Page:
Neuromuscular Junction Blocking Agents

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These compounds block impulses from motor neuron endings to skeletal muscle.

There are two suggested mechanisms of blocking nerve impulse transmission. One group of drugs, the typical representative and progenitor of which is tubocurarine, are called antidepolarizing drugs. By competitively binding with corresponding H-cholinore-ceptor regions, they counteract action of acetylcholine on the postsynaptic membranes, thus preventing its depolarizing action and excluding the possibility of exciting muscle fibers. It should be noted that because of minor differences in dosage causing necessary muscle relaxation and facilitating the development of paralysis of skeletal muscle, a slight overdose of muscle relaxant compounds can lead to serious damage of respiratory function and a sharp decline in blood pressure. Overdose is reversed by introducing anti-cholinesterase agents, which block acetylcholinesterase and elevate the concentration of acetylcholine in the synaptic chain, using artificial respiration with oxygen, and when necessary, using drugs that elevate arterial blood pressure (levarterenol).

Drugs of the other group, which is represented by succinylcholine, are referred to as depolarizing drugs. Compounds of this group cause initial activation (depolarization) of the receptor and subsequent prolonged, stable blockage, which leads to a delay in repolariza-tion and the inability to subsequently stimulate receptors, and in short, it disturbs the development of excitation from the nerve to the muscle. Unlike nondepolarizing agents, these drugs are not competitive antagonists, but on the contrary—they are more stable agonists than acetylcholine itself. Suitable antagonists of depolarizing agents are currently not available.

15.1.1 Antidepolarizing neuromuscular junction blockers

Initially, neuromuscular junction blockers were isolated from curare, the extract of which is produced from South American plants Strychnos and Chondodendron. Today, synthetic compounds as well as tubocurarine, an alkaloid isolated from curare, are used as antide-polarizing or curare-like drugs, which are called antidepolarizing or competitive blockers.

Tubocurarine and the majority of synthetic curare-like compounds contain two or more quaternary nitrogen atoms located approximately 1.0 ± 0.1 nm from each other, which is a necessary condition for this drug to bind with nicotinic cholinoreceptors.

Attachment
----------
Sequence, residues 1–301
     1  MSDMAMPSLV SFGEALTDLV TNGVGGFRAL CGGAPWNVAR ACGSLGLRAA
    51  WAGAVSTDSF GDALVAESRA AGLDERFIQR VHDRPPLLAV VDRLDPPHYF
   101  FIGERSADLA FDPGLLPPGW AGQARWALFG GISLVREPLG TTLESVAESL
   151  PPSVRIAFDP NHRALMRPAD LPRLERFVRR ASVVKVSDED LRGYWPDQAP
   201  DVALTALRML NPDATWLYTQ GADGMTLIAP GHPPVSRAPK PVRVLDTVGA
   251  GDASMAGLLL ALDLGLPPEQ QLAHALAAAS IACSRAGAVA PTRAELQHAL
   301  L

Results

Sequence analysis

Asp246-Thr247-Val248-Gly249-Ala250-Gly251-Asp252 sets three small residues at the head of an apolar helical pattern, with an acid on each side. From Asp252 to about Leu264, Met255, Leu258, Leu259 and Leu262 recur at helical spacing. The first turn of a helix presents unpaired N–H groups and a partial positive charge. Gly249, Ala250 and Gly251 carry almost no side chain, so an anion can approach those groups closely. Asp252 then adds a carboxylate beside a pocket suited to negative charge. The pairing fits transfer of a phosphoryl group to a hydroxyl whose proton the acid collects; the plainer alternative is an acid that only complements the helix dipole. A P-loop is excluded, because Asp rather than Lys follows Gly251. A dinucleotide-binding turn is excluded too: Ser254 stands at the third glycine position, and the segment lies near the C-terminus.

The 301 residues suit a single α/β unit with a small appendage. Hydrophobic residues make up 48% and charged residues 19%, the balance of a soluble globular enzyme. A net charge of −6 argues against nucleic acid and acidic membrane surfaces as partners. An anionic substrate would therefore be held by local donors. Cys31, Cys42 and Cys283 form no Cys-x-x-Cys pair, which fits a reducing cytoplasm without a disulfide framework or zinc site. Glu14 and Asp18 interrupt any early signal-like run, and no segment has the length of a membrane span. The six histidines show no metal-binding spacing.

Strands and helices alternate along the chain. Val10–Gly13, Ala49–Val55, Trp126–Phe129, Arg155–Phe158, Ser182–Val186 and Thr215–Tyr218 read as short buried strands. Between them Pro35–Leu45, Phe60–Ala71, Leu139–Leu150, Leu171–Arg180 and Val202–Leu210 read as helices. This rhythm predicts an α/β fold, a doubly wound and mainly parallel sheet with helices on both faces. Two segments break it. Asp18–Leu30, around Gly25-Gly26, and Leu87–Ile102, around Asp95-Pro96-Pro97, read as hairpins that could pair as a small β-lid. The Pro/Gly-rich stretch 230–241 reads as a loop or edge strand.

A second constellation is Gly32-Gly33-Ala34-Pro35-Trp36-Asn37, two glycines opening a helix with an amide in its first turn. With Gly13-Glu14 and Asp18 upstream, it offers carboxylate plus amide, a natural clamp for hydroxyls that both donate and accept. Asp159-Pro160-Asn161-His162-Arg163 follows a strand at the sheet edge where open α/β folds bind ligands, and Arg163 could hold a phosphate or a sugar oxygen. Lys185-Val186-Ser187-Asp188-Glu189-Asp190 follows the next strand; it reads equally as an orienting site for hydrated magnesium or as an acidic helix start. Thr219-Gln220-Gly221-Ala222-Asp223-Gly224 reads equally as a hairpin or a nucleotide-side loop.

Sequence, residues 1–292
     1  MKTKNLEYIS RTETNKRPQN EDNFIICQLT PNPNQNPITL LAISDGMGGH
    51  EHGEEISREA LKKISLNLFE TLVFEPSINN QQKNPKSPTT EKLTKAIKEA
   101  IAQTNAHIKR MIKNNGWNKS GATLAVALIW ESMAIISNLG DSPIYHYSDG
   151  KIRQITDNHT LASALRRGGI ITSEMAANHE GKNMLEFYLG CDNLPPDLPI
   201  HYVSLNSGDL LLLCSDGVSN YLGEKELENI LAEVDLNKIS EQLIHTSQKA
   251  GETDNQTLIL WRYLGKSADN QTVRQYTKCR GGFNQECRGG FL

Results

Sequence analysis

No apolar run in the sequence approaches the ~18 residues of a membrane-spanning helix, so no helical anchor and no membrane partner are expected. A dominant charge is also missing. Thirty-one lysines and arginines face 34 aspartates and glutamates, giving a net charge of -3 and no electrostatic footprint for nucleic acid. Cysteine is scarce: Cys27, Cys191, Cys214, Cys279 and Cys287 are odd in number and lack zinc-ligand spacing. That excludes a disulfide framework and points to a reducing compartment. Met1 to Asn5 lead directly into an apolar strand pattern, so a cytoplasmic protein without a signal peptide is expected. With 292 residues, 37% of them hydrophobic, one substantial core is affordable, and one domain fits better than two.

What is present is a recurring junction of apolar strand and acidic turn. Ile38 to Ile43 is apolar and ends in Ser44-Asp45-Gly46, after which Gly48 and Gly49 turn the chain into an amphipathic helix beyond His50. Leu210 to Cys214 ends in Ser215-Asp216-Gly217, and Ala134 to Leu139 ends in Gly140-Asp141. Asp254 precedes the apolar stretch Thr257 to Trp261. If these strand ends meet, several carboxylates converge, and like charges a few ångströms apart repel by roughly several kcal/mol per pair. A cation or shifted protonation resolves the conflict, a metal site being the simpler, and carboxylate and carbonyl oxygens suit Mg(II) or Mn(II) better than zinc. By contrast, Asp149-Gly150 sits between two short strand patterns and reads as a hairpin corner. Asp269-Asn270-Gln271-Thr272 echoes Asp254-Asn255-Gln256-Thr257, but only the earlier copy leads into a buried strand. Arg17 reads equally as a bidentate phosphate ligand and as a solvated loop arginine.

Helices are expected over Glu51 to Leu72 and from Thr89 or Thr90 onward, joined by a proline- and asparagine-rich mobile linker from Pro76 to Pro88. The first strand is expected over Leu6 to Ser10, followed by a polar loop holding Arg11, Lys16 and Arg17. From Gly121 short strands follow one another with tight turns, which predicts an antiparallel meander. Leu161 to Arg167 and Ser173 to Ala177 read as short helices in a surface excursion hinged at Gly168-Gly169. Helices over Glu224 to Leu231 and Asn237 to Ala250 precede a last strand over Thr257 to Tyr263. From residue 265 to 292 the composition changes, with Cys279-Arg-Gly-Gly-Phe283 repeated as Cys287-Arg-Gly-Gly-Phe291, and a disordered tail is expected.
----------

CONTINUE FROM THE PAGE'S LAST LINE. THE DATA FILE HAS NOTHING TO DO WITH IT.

These drugs are used in operations in which relaxation of skeletal muscle is required, in traumatology for repositioning broken bones, for resetting dislocations, and for tetanus. Interestingly, curare-like drugs relax muscles in a specific sequence. First, muscles of the face and neck relax, followed by the extremities and torso. Respiratory muscles and the diaphragm are last to relax, which leads to a discontinuation of respiration. Compounds of this group include tubocurarine, metocurine, gallamine, pancuronium, vecuronium, and atracurium.

Tubocurarine: Tubocurarine, 7 ',12' -dihydroxy-6,6' -dimethoxy-2,2,2',2' -tetramethyl-tubocuraranium dichloride (15.1.1), is synthesized from an aqueous extract of the Chondodendron plant [1-6].

Methods of synthesis of tubocurarine have been proposed [7,8].

Tubocurarine is used mainly in anesthesiology as a myorelaxant, causing prolonged muscle relaxation during an operation. Small doses are successful at causing temporary relaxation of skeletal muscle without any vital change of primary body functions. It is used particularly in endotracheal intubation or orthopedic surgery for repositioning fractures, resetting compound dislocations, and so on. The main synonyms are tubarine and curarine.

Metocurine: Metocurine, 6,6' ,7' ,12'-tetramethoxy-2,2,2' ,2' -tetramethyltubocuraranium dichloride (15.1.2), is synthesized by methylating two hydroxyl groups of tubocurarine with methylchloride [9].

Metocurine is used for the same indications as tubocurarine. A synonym of this drug is metubine.

Gallamine: Gallamine, 1,2,3-ira-(2-triethylaminoethoxy)benzene triiodide (15.1.4), is synthesized from pyrogallol, the hydroxyl groups of which are esterified by 2-diethyl-aminoethylchloride in the presence of sodium amide. The resulting 1,2,3-ins-(2-triethy-laminoethoxy)benzene (15.1.3) is further alkylated at all three nitrogen atoms by ethyliodide, giving gallamine (15.1.4) [10,11].

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